Sam Stone by John Prine
This is a fantastic song about drug addiction in a man returning from an unstated war and was a song that myself and my brothers would sing as kids in the car, not understanding the meaning behind the words, ‘There’s a hole in daddy’s arm where all the money goes…’
It is so poetic and tragic including the ending where the veteran is ‘climbing walls while sitting in a chair.’ My favourite line of all comes from the refrain: ‘Sweet songs never last too long, on broken radios’ which is immense. It was written when the singer was just 25 which amazes me to this day to be that profound and wizened that young.
Everything I own by Bread. David Gates wrote this just after his father, and mine, had died and it always resonates with me as something very beautiful.
Hey Joe by Jimi Hendrix takes me back to 1967 when I saw Hendrix perform in Manchester, including playing the guitar with his teeth. Backing groups The Move, The Nice, Pink Floyd and Amen Corner. Tickets cost £1. Amazing.
From The Gutter from Peter Grimes by Benjamin Britten. Ideally I’d like the whole opera, of course, but this track typifies why the work is so amazing. It’s a slow build barnstormer sung by all the female characters in the work, who suddenly find themselves thrown together on the street when the men storm off on a manhunt. They’re difficult, spiky people with little in common but as their music soars they briefly find common ground in the shitty way they’re treated by men. I am an opera nut and Peter Grimes was the first opera to hook me into a very expensive, lifelong passion. I can’t recommend it too highly for the uninitiated. Incredibly dramatic, genuinely shocking and shot through with moments, like this one, where the sun seems to come through the storm clouds.
Highlight things (apart from family and friends) you’d find it hard to live without.
Coffee, chocolate, books, writing, dogs, walking, the internet, radio, music and the sea featured highly on the majority of lists so I’ve picked out some of the alternative choices.
Books – in any format. There’s nothing like escaping with an enthralling read! And then there are various volumes I use for research too – from Blackstone’s police training manuals to the Royal Society of Chemistry’s guide to forensic science, From Crime Scene to Court. (Thanks, Andrea – a fantastic birthday present!)
Marmalade – I love the dark, thick-cut bitter sort, spread generously on toast! (Though recently, someone gave me a recipe for a gin cocktail which used it as an ingredient too. (Credit to Margaret – I was surprised at how good it was!)
A beautiful 1970s Hohner acourstic guitar given to me by my American friend Jane when she went back to the States after college. We had dinner a couple of months ago and I could tell her it’s still lovingly played.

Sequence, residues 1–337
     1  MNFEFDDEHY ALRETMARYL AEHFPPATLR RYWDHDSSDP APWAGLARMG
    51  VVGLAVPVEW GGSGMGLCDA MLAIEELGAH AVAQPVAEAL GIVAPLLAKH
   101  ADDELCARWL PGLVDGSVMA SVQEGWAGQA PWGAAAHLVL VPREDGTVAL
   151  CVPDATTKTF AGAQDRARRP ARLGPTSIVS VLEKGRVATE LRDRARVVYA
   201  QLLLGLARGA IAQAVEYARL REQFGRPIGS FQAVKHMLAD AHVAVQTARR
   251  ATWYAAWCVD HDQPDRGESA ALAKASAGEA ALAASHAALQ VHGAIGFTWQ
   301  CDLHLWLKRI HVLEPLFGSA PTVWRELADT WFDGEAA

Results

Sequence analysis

The British countryside. I really can’t think of anything which might induce me to live in another country, and so much of my health and happiness depends on the big outdoors.
Horses. They’ve been part of my life for fifty years and a constant source of inspiration
Solitude – despite being a chatterbox I do like my own company. I talk to myself constantly when I am writing fiction so better away from folks so they don’t think I am wholly mad.
Northwich LitFest. I started Northwich LitFest eight years ago and have run it for the whole of June each year ever since. That means I must have organised approximately 120 LitFest events in total, a thought that has never crossed my mind before – no wonder I’m exhausted! It really is incredibly hard work for absolutely no financial reward whatsoever and every year I say ‘never again’. Nevertheless I have met, and come to know, some amazing people through the LitFest and that is reward in itself. So, much as I threaten to give it up each year, I think I ‘d find it hard to live without Northwich LitFest now – and I just surprised myself by saying that!
A garden−nourishes the soul and keeps me fit.
A shower. Some of my best ideas come when standing under a jet of hot water. It’s as if all the dross is washed away leaving my brain clear
Sunlight in all its infinite variety, dappling through trees, sharp and clear on a winter morning, mellow and warm on a summer afternoon.
What advice would you give to your younger self?
To my 16-year-old self I would warn against the use of olive oil and lemon juice as a sun tan accelerator. That foolish girl would make it up in a plastic bottle and douse herself in it. It might have given me a beautiful suntan back then but my older self isn’t too keen on the crêpey neck, or the abundance of wrinkles caused by sun damage. Thank goodness I didn’t suffer any more serious consequences.